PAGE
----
A Historical Guide to Versailles
The Palace of Versailles is one of the most awe-inspiring monuments in the Ile-de-France region. Its gold trimmed chambers, glass chandeliers, hall of mirrors and beautifully manicured gardens send us reeling back to the time of royalty and lavish living. The gardens span over 2,000 acres and contain numerous fountains, mysteries and stories. Tag along to discover more about the history, stories and myths that have taken place in the Palace of Versailles.
Brief history of the Chateau de Versailles
The history of Versailles is long and winding. Before the palace was erected, the space was home to a small forested village just 40 km outside of the city of Paris. The surrounding forest was teeming with all different types of game and thus drew the attention of the ancient French kings.
The village was used by the royal family for many years before being turned into the famous palace that it is today. There was a little inn that King Henry IV used to stay at while away from the city on hunting trips.
This love of the village and hunting was passed down to his son, King Louis XIII, who, in turn, spent a great deals of time in the little village. In 1610, Louis XIII bought a small piece of land and began building a “relatively” humble hunting lodge.
After a period known as the Day of the Dupes (more on this story later) the king sought refuge and found safe haven in his two-story hunting lodge. After this, the king decided to expand the gardens and turn the lodge into a thriving castle. The first step in creating the magnificent Chateau de Versailles.
The palace in 1668 during the first reconstruction. (Painting by Pierre Patel)
In 1651, Louis XIV, famous for his flare for all things exuberant and lavish, put in place a plan to transform the chateau into one of the greatest castles in France. It was to be used as a place to throw parties and events that were suited for the king.
The palace was to undergo one more mass enlargement of the gardens, buildings, and interior design before finally resting in its current size and state. The chateau was passed on to the new king, Louis XV, in 1715, when at only five years old he became the heir to the thrown.
Louis XV made a few minor restorations to the palace but left the rest untouched, true to his father’s wishes. The thrown and the palace was once again passed down to King Louis XVI and Queen Mary Antionette until the inevitable revolution when they were turned out of the palace, leaving it to be ransacked and auctioned off by the revolutionary government.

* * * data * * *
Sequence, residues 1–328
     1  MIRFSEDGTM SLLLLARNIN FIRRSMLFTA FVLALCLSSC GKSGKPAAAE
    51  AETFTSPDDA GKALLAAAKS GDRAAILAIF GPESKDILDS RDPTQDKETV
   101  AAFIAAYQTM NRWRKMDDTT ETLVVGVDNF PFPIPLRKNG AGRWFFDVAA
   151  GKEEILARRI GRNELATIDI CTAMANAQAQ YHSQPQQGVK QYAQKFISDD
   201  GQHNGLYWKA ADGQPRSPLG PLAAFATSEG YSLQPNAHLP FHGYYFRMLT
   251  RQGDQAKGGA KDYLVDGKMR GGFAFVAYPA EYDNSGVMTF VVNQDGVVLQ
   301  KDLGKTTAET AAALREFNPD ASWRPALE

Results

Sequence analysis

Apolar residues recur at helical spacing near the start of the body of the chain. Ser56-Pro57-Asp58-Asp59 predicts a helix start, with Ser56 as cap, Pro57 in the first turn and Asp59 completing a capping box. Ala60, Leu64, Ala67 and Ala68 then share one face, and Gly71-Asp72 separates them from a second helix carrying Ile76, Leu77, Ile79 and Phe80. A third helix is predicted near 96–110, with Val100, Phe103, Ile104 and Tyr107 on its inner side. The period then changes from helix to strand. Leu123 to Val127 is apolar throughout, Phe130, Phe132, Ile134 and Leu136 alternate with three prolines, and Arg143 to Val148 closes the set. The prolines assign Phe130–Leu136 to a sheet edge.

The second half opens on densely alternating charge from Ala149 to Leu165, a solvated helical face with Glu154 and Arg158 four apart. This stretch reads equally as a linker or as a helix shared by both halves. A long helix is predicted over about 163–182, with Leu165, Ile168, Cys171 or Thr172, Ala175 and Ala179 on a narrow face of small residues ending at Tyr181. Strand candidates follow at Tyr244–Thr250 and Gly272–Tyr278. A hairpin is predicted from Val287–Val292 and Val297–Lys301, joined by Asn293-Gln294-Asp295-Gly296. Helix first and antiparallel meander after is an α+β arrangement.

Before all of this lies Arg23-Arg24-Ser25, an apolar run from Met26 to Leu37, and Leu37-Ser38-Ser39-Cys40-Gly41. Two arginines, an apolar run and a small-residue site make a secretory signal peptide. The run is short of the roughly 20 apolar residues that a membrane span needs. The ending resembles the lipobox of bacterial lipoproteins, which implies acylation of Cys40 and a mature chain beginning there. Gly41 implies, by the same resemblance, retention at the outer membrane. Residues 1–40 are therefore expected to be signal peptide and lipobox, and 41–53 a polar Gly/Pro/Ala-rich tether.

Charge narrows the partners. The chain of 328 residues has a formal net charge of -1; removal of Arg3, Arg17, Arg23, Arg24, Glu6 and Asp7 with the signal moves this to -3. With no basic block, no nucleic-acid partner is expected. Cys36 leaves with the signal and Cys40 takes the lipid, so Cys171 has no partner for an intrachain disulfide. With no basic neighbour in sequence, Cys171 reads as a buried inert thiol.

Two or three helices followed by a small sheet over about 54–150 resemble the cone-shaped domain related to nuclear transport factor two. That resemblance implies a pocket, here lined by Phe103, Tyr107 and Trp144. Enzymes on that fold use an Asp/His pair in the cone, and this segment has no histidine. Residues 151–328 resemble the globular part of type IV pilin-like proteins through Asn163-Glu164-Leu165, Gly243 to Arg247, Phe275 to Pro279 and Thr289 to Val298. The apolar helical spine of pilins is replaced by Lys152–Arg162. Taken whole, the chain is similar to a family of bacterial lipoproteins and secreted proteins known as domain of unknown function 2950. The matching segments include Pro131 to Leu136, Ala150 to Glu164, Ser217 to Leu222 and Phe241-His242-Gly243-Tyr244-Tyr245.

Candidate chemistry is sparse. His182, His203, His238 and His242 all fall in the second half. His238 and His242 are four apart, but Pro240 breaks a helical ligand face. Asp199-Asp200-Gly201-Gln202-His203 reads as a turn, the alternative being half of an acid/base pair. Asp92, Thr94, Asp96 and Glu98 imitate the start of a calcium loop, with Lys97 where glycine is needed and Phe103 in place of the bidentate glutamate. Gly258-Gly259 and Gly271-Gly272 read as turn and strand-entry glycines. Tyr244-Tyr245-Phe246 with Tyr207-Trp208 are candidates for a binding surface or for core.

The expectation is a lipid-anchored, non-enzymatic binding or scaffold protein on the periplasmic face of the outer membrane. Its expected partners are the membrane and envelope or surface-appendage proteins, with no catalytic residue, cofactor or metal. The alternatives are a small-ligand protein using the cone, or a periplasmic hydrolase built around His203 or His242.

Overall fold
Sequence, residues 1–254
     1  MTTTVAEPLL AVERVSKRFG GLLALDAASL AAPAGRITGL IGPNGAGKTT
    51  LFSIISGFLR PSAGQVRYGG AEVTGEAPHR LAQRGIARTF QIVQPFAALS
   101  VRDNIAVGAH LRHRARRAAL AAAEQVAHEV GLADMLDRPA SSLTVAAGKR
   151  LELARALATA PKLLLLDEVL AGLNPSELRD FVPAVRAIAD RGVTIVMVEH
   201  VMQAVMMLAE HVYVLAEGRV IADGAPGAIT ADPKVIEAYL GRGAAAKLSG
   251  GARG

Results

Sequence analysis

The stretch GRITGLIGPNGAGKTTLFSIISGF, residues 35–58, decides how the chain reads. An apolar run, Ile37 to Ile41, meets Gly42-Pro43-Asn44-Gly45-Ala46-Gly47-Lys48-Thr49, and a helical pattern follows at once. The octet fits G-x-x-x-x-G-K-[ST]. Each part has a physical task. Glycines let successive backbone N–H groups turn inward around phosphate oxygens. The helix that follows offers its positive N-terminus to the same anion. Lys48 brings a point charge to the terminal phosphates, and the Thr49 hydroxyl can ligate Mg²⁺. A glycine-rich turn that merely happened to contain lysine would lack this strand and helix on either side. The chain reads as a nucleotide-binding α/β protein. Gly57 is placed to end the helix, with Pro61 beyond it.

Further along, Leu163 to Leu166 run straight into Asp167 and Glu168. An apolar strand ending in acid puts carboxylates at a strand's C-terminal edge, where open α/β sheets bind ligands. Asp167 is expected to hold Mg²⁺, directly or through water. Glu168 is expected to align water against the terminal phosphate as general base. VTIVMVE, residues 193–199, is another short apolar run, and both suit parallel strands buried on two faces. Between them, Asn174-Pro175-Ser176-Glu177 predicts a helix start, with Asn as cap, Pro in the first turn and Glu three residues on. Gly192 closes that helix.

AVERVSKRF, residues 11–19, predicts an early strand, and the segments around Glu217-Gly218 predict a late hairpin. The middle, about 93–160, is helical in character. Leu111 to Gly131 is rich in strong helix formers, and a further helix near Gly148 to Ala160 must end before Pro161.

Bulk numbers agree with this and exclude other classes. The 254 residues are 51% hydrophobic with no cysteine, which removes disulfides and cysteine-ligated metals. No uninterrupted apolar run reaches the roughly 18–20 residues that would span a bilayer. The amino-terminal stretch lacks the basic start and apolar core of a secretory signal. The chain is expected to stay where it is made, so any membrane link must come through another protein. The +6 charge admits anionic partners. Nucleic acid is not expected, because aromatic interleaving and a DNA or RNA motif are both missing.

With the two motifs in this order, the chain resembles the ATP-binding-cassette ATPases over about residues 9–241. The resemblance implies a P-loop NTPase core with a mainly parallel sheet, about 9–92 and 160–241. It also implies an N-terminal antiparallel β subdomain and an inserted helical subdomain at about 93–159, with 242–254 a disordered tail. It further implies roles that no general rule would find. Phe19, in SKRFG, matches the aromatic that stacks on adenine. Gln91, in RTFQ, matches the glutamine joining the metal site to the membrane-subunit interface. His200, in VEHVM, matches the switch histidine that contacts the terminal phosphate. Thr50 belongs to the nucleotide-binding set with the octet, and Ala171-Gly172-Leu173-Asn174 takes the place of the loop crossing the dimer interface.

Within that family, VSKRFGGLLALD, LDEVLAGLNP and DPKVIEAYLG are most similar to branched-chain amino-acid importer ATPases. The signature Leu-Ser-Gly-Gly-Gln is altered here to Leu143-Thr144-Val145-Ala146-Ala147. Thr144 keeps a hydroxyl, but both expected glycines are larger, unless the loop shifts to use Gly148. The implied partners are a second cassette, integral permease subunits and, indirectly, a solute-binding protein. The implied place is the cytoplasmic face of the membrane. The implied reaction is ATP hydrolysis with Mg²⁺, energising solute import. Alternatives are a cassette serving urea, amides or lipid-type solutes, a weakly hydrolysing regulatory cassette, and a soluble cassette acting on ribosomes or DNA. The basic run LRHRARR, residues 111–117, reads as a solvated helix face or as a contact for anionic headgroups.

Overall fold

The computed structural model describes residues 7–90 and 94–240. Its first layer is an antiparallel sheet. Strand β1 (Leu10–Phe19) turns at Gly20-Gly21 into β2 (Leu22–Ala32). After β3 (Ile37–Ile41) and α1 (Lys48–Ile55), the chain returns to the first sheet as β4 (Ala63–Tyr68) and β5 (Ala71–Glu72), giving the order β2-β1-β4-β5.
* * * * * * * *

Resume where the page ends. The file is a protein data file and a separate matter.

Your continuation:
Day of the Dupes
A depiction of Marie de’ Medici confronting Cardinal Richelieu in front of her son, King Louis XIII.
In 1616, Queen María de Médici ruled France from within the Palace of Luxembourg. At this time the Palace of Versailles was still a small hunting lodge used by her son, King Louis XIII, when he wanted to leave the city.
After being exiled by her son and sent to live in the woods, María de Médici returned and took her place beside Louis XIII and his bishopric, Cardinal Richelieu. Things were going well until the former queen began feeling threatened by Richelieu.
In the November of 1630, Marie de’ Medici led a revolt against her son and Richelieu. King Louis XIII sought refuge in his small hunting lodge that would soon be turned into a palace. Day of the Dupes refers to the single day when it looked as if the coup had been successful.
It ultimately proved futile and the queen, mother of King Louis XIII, was once again banished by her son from the kingdom of France. King Louis’s retreat to his hunting lodge would prove to be the catalyst for the construction of the Chateau de Versailles.
A palace under siege
Women march to Versailles with the praise of onlookers, October 1789
The Palace de Versailles was only to be lived in by two generations before the French Revolution was to drastically alter the balance of power and future of the Royal Family.
In 1789 the state of poverty in France had reached in all time high. Many people were starving while they watched nobles and the Royal Family filling themselves to their hearts content.